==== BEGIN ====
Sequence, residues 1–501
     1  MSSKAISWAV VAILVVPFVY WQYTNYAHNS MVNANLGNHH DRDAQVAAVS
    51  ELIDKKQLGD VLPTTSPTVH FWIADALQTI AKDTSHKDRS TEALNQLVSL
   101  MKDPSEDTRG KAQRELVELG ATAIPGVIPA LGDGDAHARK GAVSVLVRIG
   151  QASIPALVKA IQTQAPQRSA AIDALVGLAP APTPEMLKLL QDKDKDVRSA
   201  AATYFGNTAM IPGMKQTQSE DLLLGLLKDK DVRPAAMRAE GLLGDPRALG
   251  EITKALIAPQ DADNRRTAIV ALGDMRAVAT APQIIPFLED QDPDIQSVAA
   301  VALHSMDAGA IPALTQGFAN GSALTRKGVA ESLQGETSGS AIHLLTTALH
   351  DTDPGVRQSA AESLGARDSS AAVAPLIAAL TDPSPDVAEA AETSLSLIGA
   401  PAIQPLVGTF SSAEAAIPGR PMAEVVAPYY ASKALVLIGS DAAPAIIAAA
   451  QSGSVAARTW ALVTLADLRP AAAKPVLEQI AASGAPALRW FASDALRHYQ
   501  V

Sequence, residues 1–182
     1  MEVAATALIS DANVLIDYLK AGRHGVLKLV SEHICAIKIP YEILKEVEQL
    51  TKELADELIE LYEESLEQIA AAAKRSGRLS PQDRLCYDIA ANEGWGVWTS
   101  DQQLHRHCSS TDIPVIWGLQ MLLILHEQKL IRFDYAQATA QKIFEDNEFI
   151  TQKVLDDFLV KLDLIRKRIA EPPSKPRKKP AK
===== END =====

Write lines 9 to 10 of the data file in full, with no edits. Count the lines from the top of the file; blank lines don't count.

   351  DTDPGVRQSA AESLGARDSS AAVAPLIAAL TDPSPDVAEA AETSLSLIGA
   401  PAIQPLVGTF SSAEAAIPGR PMAEVVAPYY ASKALVLIGS DAAPAIIAAA